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When exams get in the way of learning

There is so much pressure for children and schools to do well in formal exams, from age seven right through A-levels, that it is easy to forget how much power assessment can have as a tool for learning and excitement. All the following are examples of assessmentI A teacher and a primary child sit down for a discussion about a piece of writing. They talk about the original and effective phrases in the story, as well as the places where the pupil could think about finding a better word or image (see page 10). Meanwhile, in the nursery, teachers use their digital cameras to capture significant learning moments as the four-year-olds play.

African-American high school students give presentations about their family histories, for instance how they came to migrate to Chicago from the South (see page 8).

Two eight-year-olds hold a perfectly natural conversation about their "learning power", setting goals for self-improvement (see opposite).

And in Cambridgeshire, International Baccalaureate students keep portfolios and diaries of the community service work they must complete (page 13).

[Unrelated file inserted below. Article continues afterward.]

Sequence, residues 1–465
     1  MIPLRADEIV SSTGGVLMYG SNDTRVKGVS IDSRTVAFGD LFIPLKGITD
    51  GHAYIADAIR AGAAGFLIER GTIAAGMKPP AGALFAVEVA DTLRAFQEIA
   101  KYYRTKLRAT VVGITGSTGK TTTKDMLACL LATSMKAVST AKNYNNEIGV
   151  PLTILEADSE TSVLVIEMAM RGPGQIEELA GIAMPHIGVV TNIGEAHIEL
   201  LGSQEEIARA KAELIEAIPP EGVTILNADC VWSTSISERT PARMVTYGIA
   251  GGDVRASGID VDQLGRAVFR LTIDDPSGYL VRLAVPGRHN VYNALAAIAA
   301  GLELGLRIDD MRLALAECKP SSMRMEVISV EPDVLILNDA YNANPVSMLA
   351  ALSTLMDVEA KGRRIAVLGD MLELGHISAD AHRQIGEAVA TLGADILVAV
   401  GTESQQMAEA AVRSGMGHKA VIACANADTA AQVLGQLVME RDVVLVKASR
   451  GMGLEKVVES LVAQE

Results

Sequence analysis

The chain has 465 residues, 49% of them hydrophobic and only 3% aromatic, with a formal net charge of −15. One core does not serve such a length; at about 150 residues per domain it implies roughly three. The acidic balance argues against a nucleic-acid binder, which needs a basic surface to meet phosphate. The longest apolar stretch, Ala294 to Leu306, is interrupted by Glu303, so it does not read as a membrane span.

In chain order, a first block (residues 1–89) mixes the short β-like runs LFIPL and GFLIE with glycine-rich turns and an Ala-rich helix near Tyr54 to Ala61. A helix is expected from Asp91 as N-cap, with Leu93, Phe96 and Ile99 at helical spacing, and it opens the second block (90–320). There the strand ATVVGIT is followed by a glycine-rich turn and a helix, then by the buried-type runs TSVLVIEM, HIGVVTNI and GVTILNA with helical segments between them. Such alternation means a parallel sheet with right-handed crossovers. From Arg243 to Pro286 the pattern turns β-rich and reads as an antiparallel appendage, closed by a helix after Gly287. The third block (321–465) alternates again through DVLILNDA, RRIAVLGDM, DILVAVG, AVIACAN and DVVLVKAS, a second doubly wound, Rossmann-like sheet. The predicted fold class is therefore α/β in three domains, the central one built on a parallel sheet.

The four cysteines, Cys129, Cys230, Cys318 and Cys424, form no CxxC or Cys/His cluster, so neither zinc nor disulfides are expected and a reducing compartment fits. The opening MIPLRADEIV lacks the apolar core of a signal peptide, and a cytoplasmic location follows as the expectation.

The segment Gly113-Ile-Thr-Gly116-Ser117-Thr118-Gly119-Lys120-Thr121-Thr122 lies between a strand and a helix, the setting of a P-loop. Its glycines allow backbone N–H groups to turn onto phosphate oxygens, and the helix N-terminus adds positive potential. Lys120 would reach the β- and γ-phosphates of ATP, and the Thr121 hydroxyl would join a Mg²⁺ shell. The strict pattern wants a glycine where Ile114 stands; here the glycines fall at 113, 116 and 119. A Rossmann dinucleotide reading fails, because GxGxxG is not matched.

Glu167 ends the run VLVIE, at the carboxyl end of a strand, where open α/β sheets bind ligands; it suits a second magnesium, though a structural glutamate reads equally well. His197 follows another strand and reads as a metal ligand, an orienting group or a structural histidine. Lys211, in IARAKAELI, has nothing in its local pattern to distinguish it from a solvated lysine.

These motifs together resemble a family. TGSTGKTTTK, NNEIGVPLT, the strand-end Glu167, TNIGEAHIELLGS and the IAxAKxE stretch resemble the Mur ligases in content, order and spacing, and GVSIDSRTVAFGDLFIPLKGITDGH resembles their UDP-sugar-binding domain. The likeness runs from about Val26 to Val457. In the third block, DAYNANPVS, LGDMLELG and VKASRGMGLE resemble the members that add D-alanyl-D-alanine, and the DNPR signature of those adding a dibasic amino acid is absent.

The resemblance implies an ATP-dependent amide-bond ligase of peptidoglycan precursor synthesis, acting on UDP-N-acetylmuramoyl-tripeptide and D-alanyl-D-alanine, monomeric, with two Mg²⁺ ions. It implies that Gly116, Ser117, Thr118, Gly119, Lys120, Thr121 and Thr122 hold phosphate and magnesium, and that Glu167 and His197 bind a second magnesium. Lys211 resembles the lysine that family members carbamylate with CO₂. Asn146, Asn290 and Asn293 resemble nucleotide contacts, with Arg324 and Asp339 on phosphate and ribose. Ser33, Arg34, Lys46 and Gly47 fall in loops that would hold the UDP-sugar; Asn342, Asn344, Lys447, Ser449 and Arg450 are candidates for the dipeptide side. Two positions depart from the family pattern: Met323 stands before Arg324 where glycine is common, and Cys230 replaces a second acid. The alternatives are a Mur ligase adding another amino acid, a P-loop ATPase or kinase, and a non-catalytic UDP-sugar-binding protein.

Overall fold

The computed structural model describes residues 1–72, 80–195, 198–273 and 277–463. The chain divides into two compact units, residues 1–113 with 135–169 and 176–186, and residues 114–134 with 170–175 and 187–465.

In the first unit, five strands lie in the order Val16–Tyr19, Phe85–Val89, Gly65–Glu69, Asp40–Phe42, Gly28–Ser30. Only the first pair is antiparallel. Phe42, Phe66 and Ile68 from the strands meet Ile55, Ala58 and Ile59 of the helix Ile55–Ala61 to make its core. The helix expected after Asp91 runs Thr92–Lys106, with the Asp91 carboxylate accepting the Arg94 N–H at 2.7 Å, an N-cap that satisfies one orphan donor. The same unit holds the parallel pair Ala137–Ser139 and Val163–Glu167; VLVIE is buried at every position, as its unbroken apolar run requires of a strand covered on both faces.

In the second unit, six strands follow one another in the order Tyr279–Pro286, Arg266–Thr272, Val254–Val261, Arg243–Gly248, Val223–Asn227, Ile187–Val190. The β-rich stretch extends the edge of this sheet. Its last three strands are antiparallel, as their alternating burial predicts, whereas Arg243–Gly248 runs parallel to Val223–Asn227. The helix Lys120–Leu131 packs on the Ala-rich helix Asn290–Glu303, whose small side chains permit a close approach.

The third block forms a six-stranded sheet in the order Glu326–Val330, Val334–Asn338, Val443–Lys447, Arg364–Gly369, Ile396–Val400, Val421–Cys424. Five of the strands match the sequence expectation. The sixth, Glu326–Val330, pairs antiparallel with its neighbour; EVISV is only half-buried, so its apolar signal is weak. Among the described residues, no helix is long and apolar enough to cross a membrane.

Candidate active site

Schools are discovering the value of "assessment for learning", in which evidence about the level children have reached is used to help teachers figure out where they can go next and how best to get there. Teachers find it improves relationships with pupils and makes their jobs more fulfilling (page 9). Assessment for learning is on government agendas, too, across the United Kingdom. England, though, is the only nation that is not at least thinking about scrapping formal tests at 11 and 14 (page 6). With the pressure of high-stakes testing at 11, many schools may see the benefits of assessment for learning as a luxury they can't afford.

The contents of this magazine are the responsibility of the Times Educational Supplement and not of nferNelson.

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